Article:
I am linking up to Mosaic Monday at Little Red House - to see the work of Mary and other wonderful contributors from across the world, please click on the link - here - Mosaic Monday

You might also like - click on the link here - Spring jam making


  1. We can't grow Kumquats here in western Canada, the winters are too cold. I love all kinds of fruit and would love to grow Kumquats, oh well. Love your photos. You would make a great Commercial photographer.

  2. No kumquats in my area either and rarely ever in the stores. Your marmalade preparations and finished jam look yummy.

  3. That sounds wonderful! We have those here in Florida...they are such a pretty color!

  4. Oh beautiful photos...your favorite is mine as well with the color of the fruit, the glow, the touch of green bottles, the recipe book. I'm grinning at your description of cutting the fruit into "quarters of sixths." That's cute! ☺ Oh, and, no, I have never tasted this fruit and now you've got me nervous. I think the marmalade toast looks yummy, though.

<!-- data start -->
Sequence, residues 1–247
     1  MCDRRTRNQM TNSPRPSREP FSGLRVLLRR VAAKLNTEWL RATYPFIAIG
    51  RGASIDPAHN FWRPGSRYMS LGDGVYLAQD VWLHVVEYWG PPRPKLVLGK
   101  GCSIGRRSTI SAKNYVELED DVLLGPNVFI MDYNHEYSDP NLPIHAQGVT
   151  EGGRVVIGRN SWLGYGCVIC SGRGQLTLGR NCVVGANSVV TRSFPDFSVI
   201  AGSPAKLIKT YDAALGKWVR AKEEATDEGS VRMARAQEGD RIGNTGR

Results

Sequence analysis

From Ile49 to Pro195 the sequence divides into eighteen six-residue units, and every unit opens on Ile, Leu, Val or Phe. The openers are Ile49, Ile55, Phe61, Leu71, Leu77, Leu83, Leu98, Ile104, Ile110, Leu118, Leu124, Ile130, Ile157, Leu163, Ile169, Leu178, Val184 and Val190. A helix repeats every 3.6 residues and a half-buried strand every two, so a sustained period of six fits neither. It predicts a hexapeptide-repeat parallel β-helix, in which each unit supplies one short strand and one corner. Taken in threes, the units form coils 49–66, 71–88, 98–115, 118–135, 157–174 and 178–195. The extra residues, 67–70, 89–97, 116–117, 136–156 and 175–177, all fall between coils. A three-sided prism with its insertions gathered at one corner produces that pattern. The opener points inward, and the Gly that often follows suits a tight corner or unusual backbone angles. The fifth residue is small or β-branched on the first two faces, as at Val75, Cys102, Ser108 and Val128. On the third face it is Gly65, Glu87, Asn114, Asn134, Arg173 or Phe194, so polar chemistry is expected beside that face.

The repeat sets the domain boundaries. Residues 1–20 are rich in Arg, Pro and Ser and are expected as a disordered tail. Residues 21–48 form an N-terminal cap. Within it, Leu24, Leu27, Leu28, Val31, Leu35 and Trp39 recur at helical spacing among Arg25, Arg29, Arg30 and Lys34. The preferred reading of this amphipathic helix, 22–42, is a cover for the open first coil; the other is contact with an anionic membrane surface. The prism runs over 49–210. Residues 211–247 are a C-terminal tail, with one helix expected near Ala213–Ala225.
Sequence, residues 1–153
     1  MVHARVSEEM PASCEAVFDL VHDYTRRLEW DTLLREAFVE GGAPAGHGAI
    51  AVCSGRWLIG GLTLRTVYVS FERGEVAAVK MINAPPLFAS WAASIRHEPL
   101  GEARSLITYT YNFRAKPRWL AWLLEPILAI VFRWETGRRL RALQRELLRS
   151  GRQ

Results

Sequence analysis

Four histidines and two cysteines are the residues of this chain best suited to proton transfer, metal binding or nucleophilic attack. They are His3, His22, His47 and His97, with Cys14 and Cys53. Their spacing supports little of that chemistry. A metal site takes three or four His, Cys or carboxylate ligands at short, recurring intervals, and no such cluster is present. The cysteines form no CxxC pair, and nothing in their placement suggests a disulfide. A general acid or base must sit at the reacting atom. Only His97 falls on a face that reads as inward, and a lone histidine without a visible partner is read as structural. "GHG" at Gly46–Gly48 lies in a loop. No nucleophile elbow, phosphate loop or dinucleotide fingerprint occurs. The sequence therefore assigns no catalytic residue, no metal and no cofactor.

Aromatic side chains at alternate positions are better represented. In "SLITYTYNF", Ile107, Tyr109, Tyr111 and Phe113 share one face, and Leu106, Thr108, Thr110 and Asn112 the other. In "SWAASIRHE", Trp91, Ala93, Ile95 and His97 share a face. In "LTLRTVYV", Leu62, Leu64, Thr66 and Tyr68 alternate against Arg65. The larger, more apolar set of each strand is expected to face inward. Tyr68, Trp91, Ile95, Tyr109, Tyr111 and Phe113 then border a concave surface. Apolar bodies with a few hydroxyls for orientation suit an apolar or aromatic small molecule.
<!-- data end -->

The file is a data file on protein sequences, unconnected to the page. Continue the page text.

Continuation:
5. Living in Canada, it is too cold to grow Kumquats. Your photos are awesome Jill, love the finished jars on the window sill.

  6. I don't think I've ever eaten a Kumquat (or as you spell it cumquat). The colour is so rich and deep. And that marmalade. Mmmm. Oh, for a piece of toast!

  7. I had my first sugared Kumquat last week - loved it and will look for some instructions to do some up for home. Your marmalade looks yummy.

  8. What a wonderful and interesting post. I can never pick a favorite of your photos, though...they are always so beautiful

  9. Visiting from Mosaic Monday - Love the photos! Love the food! It looks like one heck of a wonderful day filled with light, love and aroma's!

  10. Beautiful photos Jill. I love the way you have shown the before and after versions of the textured shot and the details of how you applied it.
    You even be tempt me to make cumquat jam!